Javelinas in the Neighborhood - February 21, 2018
Jeff Schalau, Agent, Agriculture & Natural Resources
University of Arizona Cooperative Extension, Yavapai County

The javelina (Pecari tajacu), or collared peccary, is common across much of Yavapai County. However, javelinas are a relatively recent arrival in Arizona. Javelina bones are not found in Arizona archaeological sites and early European settlers made infrequent references to their occurrence. Today, the javelina’s range is from below the Mogollon Rim in Arizona eastward to parts of New Mexico and Texas and southward to Argentina. They have also found their way into Flagstaff within the last few years.

Adult javelinas generally weigh 35 to 60 lbs., the male being slightly heavier than the female. They acquire adult coloration at three months. Javelinas continue to grow until they reach adult height in about 10 months. At this age, the javelina is sexually mature. While javelinas have lived to 24 years in captivity, the average life span is closer to seven or eight years. Javelinas have very close social relationships. They live in herds (sometimes called “sounders”) of 5 to 15 animals which usually eat, sleep, and forage together. Predation on javelina is common from mountain lions and bobcats.

Being of tropical origin, peccaries are capable of breeding throughout the year and can have two litters per year when habitat and weather are favorable. In Arizona, breeding peaks in January, February, and March. After a 145-day gestation period, most births occur in June, July, and August to coincide with the summer monsoon season. New born javelinas weigh about one pound and are tan to brownish in color with a reddish dorsal stripe. Two is the most common number of young. The young follow their mother shortly after birth and are usually weaned at six weeks.

Javelinas designate their territory by rubbing their rump oil gland against rocks, tree trunks, and stumps; this leaves smears of an oily fluid with a musky smell as a marker. In greeting, 2 group members frequently rub each other, head to rump. Both sexes actively defend the home range. Javelinas fend off adversaries by squaring off, laying back their ears, and clattering their canines. In fight, they charge head on, bite, and occasionally lock jaws. Pet dogs are often viewed as predators, subsequently attacked, and can be seriously injured or killed by javelina.

Since javelinas are found across so many habitat types, their foods vary greatly. Javelinas are opportunistic feeders eating flowers, fruits, nuts, berries, bulbs, and many succulent plants. In Arizona, prickly pear cactus makes up the major portion of the diet. However, they are also known to occasionally eat eggs, carrion, snakes, fish, and frogs. Our gardens and landscapes often present them with succulent, novel foods which can lead to great consternation by the owners. A list of javelina resistant plants is available with the online edition (see URL below) or can be picked up at your local Cooperative Extension office.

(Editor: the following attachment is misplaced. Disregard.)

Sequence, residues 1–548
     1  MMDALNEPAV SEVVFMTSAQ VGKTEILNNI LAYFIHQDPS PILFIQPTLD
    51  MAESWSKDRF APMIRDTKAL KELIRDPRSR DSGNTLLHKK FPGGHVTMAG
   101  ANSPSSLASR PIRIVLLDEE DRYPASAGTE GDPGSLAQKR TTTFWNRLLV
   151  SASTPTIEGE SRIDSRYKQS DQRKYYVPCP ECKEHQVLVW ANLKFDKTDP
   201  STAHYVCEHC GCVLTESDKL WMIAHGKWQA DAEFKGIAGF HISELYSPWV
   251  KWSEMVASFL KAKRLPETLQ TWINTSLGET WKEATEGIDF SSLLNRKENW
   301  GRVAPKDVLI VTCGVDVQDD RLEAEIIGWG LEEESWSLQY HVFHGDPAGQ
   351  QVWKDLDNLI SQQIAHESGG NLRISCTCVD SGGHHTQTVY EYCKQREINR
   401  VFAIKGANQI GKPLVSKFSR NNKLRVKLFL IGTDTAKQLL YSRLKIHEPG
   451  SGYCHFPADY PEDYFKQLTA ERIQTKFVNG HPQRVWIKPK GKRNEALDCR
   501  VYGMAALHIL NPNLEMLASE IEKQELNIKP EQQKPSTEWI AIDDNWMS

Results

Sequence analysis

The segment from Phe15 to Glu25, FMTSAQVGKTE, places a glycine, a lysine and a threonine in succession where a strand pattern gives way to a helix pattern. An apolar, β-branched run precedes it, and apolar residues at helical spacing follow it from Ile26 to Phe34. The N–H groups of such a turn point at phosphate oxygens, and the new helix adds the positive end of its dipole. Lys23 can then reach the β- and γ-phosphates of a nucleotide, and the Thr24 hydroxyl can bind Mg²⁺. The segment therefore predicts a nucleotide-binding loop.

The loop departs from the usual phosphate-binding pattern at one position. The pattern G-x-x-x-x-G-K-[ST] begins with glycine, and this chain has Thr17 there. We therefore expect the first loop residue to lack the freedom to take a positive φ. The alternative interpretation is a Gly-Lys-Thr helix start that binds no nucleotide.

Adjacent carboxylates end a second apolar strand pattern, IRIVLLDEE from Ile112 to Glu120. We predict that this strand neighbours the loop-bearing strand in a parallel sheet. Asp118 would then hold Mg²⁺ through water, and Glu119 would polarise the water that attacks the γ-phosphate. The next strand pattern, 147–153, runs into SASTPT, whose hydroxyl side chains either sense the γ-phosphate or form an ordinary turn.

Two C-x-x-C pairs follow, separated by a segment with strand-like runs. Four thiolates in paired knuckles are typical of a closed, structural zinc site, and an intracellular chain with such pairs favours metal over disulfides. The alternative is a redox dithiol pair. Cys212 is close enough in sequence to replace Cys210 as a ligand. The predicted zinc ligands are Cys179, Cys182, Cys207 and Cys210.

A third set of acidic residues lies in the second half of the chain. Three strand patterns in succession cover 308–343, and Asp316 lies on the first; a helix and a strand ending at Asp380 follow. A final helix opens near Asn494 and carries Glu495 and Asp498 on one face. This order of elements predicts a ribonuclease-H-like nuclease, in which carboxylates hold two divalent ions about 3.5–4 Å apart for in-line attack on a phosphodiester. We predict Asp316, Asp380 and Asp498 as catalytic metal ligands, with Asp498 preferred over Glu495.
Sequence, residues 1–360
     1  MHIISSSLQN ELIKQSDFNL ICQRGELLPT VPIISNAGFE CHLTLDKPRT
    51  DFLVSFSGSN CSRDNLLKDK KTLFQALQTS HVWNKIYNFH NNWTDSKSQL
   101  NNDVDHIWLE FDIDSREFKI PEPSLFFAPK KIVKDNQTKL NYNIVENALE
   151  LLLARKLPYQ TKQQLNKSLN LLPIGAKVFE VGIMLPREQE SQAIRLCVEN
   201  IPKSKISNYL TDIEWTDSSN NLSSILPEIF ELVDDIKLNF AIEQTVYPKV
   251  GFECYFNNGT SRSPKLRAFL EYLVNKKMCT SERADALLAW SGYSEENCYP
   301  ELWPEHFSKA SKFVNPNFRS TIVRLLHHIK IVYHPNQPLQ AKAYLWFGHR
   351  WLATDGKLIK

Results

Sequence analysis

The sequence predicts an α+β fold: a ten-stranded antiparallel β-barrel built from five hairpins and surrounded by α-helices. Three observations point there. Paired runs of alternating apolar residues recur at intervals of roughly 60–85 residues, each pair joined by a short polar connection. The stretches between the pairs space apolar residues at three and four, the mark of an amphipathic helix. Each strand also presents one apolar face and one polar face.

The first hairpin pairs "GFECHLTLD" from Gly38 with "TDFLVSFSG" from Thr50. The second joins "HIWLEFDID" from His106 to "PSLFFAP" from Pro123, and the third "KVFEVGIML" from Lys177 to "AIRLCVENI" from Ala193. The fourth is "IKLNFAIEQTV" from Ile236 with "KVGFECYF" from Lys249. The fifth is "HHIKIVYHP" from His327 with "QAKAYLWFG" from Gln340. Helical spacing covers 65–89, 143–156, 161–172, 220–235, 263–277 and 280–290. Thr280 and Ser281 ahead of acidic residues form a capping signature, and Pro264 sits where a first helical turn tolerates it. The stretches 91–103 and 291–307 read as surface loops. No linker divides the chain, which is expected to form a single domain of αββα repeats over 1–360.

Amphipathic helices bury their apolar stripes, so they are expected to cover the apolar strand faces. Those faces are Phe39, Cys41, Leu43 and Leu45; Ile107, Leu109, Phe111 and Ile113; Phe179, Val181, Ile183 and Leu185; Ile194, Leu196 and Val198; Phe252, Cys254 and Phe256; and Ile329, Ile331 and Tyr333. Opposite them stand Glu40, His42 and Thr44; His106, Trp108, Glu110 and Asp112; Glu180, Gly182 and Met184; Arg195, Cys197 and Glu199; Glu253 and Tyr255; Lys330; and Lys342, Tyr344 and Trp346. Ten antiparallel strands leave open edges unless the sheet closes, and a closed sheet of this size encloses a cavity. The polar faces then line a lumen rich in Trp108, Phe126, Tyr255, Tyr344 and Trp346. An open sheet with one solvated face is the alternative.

The most effective way to prevent javelina damage to gardens and landscapes is to exclude them using a sturdy, four-foot tall fence. In situations where solid fences are not feasible, electric fences can be used. A single wire 8 to 10 inches above the ground is most effective. However, given the javelina’s thick fur and shear strength, this strategy is not always successful.

Javelinas are a game animal and may not be hunted without a valid license (consult the Arizona Game and Fish Department for regulations and information). In addition, it is illegal to discharge firearms within city limits or within ¼ mile of residences. A Prescott man recently learned this lesson the hard way when he was arrested for killing a javelina with a shotgun after it entered his home. I have included a link to this story with the on-line version of this column as well as a short YouTube video on javelinas produced by the Arizona Game and Fish Department.

Food and water will attract javelina. Many people feed wild birds and birdseed scattered on the ground is an attractant. To minimize this situation, avoid inexpensive birdseed which contains a large percentage of milo. Pets should be fed indoors. It is essential that people do not intentionally feed javelina (and other non-avian wildlife). When this is done, wildlife can alter their natural feeding behavior and become habituated to humans. It is important that all wildlife fear humans for their own protection and wellbeing.

Follow the Backyard Gardener on Twitter – use the link on the BYG website. If you have other gardening questions, call the Master Gardener help line in the Camp Verde office at 928-554-8992 or e-mail us at verdevalleymg@gmail.com and be sure to include your name, address and phone number. Find past Backyard Gardener columns or provide feedback at the Backyard Gardener web site: http://cals.arizona.edu/yavapai/anr/hort/byg/.

Additional Resources

Javeliva Resistant Plants
University of Arizona Cooperative Extension


Man Takes Plea in Jevelina Shooting
Prescott Daily Courier, April 2, 2014

Javelina, Arizona Game and Fish Department Video

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Arizona Cooperative Extension
Yavapai County
840 Rodeo Dr. #C
Prescott, AZ 86305
(928) 445-6590
Last Updated: February 14, 2018
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